We rely on metaphors and similes to describe our illness to others. They are necessary even as they are so often imprisoning. But lately I’ve been struggling with the figures by which I am able to explain to myself the myriad ways in which my illness has rewired my life.
At times I think of it as something like a car accident, so unexpected was its arrival and so suddenly did I find myself transformed and disfigured—at least internally—by the damage. But there is no moment of collision I can isolate, no memory of oncoming headlights, no collapsing of time and space as my body braced for impact. There was only a common virus of the kind I have experienced hundreds of times in my immune-compromised life, and then, in its wake, something new awakening in my nervous system.
I did not see it coming, but I also did not see its strike. One day I could not run even a few steps. The next day I fell on my face walking up stairs.
The analogy that ultimately feels more accurate to me is that I am like Rip van Winkle. After all, like Rip, I awoke one day to find myself decades older, as if overnight. Of course, unlike Rip, the world did not age with me, and as a result I have no stories by which to entertain the populace. I aged a generation in the course of a night only to find the rest of the world just as I left it.
Still the analogy is worth holding on to, if only because I find it somewhat comforting. And in truth, much of what I am now experiencing—mobility problems, cognitive and memory challenges, slowing reflexes, extreme fatigue, aches and pains throughout my body—is the lot of all fortunate to experience old age. The fact that I am, biologically at least, in the heart of middle-age in some sense counts for little. I am an old man in a not-yet-old man’s body, and when I think of my disease in these terms I feel more at peace with what has happened. I am a time traveler.
Not the most gifted of time travelers, it is true, in that I alone managed to age while all around me stayed the same (or grew, to my rheumy eyes, younger). But perhaps somewhere in this time travel I will yet discover a story to be told, something of value I can bring back which will make it all worth it.
Of course, the downside of thinking of what has happened to me in terms of Rip van Winkle is that I must confront the very real possibility of being an old man with half a career still to navigate. There are few careers, after all, that eagerly accommodate the infirmities of old age. One might think that mine—with its intellectual and political interest in disability—would be an ideal place to grow old before one’s time, and no doubt is better than most.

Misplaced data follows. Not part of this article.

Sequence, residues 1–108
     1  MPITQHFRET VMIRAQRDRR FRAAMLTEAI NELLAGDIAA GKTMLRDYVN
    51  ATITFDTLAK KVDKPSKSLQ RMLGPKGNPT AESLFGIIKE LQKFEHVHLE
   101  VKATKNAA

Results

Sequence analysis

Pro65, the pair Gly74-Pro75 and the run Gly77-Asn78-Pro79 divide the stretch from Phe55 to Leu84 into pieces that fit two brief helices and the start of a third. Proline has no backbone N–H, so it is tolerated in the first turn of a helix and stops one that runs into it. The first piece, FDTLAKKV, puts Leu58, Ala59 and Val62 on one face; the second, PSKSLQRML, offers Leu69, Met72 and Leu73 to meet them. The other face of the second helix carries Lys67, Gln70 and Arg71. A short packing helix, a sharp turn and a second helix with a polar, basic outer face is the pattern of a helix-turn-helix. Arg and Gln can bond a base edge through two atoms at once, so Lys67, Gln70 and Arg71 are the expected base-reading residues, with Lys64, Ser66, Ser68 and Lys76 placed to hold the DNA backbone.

But for all the rhetoric to the contrary, academia is in fact deeply invested in the neurotypical—or better put, the neuro-enhanced. The terms we deploy at promotion and tenure meetings make this clear: a successful academic is “productive,” “active,” “networked,” “sharp,” “tireless.” In the Humanities especially, we eschew collaboration for individuality, with all the familiar rhetorics—privileging those who “stage interventions,” “pioneer” new fields of inquiry or “build” new programs.
For over 20 years as a professor, I was the epitome of this nervous system. All those adjectives that gather around the tenure files of the successful scholar adorned my own professional façade. I sparked and sparkled, networked and rewired, tirelessly, actively, productively.
Now, with 20 years to go before I can reasonably afford to retire, I am an old man. I am able to find 2-3 hours of focused work time each day. Where once I was “networked” now I am short-circuiting, watching professional bridges collapse faster than I can hope to repair them. Where once I was a sharp I now find myself grasping for words in conversation and struggling to make my fingers hit the right keys on my laptop.
Of course, all academics know what is the opposite of the “productive,” “active” scholar. For those no longer neuro-exceptional there is no middle-ground, so safe-landing in neurotypicality. One is “deadwood.” That most damning of academic insults is particular charged for me, as the analogy that comes to mind most vividly when describing the challenges of moving my legs is that they so often feel like, well, dead wood.
No, there will be no welcome for me among my peers such as greeted Rip upon his miraculous time travel. It would probably be best if I kept searching for new metaphors, both private and public.
Jared Gardner is a professor and patient at the Ohio State University.